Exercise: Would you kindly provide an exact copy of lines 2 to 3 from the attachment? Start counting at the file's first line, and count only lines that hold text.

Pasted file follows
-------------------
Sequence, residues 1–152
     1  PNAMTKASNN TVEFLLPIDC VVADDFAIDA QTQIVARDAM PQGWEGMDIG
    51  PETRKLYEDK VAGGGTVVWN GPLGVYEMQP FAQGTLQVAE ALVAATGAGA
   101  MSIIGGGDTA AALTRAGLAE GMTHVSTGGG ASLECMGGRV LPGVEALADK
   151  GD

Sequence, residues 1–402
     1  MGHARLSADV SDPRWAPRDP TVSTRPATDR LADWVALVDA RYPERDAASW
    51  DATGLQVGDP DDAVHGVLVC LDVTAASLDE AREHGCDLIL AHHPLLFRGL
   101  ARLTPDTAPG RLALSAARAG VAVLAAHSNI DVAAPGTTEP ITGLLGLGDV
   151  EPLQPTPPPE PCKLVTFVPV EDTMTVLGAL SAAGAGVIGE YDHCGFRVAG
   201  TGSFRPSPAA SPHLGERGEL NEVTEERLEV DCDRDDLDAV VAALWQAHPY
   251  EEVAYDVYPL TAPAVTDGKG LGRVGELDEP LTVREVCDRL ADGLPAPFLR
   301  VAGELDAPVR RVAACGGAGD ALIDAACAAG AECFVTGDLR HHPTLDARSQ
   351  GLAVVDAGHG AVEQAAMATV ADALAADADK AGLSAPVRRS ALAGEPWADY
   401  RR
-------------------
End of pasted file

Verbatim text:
     1  PNAMTKASNN TVEFLLPIDC VVADDFAIDA QTQIVARDAM PQGWEGMDIG
    51  PETRKLYEDK VAGGGTVVWN GPLGVYEMQP FAQGTLQVAE ALVAATGAGA